22 Apr UN Reform: How about the ICJ?
While we are thinking about U.N. reform, maybe we should think about reforming or even gutting the U.N.’s chief judicial organ: the International Court of Justice.
The ICJ announced this week that it has undertaken certain re-shuffling of its chambers. This appears to be pretty minor stuff (I never even knew they had a chamber for “summary procedure”), but it does make me wonder whether the ICJ has considered more aggressive reorganization to make themselves a bit more efficient and effective. The measures the ICJ announced last July seem almost hilariously minor because they are all directed at state-parties rather than the Court itself.
After all, the ICJ has 15 judges and they hear a ridiculously few number of cases a year. If you look at their docket, for instance, there are currently 12 cases pending or under deliberation. But this way overstates the amount of work they are doing. Last year, they issued exactly three judgments, and one was an advisory judgment. They held public hearings in four cases. Whew! What a busy year!
And not all the blame goes to the states for not filing cases. A number of the ICJ’s pending decisions have been “pending” for over 5 years! (See here and here for examples). Now maybe the states themselves have held up the resolution of those cases, but this means that the ICJ’s current workload is even lighter than it appears. It appears, in fact, that there is a job out there with better hours than being a law professor. Where do I apply?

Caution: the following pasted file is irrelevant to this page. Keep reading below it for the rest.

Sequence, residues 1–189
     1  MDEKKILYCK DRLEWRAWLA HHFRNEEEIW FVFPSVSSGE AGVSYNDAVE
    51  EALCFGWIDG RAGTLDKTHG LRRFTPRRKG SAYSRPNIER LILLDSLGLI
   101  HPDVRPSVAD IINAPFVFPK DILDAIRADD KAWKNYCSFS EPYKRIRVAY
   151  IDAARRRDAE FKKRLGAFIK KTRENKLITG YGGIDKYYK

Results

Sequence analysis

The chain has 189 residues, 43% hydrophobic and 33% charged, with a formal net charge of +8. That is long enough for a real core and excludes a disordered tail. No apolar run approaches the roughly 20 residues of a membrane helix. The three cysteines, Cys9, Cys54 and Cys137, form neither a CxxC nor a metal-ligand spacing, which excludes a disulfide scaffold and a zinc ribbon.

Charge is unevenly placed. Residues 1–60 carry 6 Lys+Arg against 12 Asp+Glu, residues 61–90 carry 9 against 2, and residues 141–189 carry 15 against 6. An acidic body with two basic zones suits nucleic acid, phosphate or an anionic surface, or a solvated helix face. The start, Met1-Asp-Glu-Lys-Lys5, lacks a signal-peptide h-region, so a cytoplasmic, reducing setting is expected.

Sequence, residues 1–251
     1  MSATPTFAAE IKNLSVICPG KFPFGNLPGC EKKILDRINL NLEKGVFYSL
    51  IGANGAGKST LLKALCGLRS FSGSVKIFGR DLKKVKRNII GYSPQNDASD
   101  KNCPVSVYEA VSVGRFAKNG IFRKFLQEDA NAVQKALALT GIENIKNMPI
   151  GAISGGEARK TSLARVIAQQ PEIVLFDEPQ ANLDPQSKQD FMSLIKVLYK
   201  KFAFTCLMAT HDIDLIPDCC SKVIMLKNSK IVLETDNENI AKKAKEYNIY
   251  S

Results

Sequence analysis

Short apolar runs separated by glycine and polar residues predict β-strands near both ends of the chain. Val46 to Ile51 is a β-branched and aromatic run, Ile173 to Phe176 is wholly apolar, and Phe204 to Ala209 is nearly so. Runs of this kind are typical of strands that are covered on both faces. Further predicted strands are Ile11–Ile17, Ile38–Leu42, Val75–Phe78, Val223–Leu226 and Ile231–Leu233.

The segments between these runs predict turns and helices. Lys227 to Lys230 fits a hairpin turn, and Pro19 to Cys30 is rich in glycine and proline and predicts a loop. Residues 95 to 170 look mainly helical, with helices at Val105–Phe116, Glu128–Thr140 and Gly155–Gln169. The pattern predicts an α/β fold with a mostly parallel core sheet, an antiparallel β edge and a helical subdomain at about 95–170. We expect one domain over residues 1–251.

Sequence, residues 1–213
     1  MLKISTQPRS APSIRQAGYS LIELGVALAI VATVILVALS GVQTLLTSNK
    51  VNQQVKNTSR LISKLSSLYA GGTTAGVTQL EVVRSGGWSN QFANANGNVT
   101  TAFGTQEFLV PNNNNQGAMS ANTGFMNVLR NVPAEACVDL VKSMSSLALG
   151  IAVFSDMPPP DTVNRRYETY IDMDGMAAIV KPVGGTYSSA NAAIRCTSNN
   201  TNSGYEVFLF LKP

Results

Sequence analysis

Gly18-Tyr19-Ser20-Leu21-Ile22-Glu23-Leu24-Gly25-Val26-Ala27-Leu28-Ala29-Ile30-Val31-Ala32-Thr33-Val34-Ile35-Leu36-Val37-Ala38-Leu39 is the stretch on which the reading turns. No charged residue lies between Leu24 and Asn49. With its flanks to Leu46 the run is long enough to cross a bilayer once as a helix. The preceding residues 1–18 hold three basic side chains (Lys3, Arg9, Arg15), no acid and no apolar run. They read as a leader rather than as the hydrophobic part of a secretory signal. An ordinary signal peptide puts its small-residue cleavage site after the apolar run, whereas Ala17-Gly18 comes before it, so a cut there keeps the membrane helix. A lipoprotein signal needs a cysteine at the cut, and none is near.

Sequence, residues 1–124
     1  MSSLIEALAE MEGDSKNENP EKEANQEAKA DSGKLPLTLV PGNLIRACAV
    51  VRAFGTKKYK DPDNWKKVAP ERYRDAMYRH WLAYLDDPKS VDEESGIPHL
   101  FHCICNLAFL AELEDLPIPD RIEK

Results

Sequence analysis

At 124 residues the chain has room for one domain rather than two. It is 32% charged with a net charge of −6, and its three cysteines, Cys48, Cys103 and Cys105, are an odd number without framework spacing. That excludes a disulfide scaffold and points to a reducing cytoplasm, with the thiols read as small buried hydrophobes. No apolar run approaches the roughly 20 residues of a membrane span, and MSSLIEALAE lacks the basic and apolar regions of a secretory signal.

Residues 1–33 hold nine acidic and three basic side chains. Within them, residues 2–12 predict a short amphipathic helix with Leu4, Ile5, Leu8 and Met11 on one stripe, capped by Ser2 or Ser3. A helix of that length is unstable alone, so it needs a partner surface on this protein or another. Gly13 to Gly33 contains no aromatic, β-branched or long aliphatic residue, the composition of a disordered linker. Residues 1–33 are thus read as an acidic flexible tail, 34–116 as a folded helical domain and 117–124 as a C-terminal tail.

All of this suggests that the ICJ (like the UN Human Rights Commission (thanks to Peggy for pointing out my original post’s acronym of UNHCR is inaccurate)) is one of those fancy-sounding international institution that doesn’t really matter very much. As Prof. Eric Posner argues here, it mattered little in the past, and even less today. Trends in U.S. legal scholarship, especially the Anne-Marie Slaughter inspired movement to shift attention away from formal international institutions to “networks of global governance” reinforce this feeling that formal internationalism is increasingly irrelevant today, even among international legal scholars.
I suppose if this is true, then perhaps UN reform should focus on those institutions that appear to matter more (I trust Kenneth Anderson or Peggy will tell me which ones) and junk the ones that don’t seem to serve much useful purpose. Now that would be ambitious reform.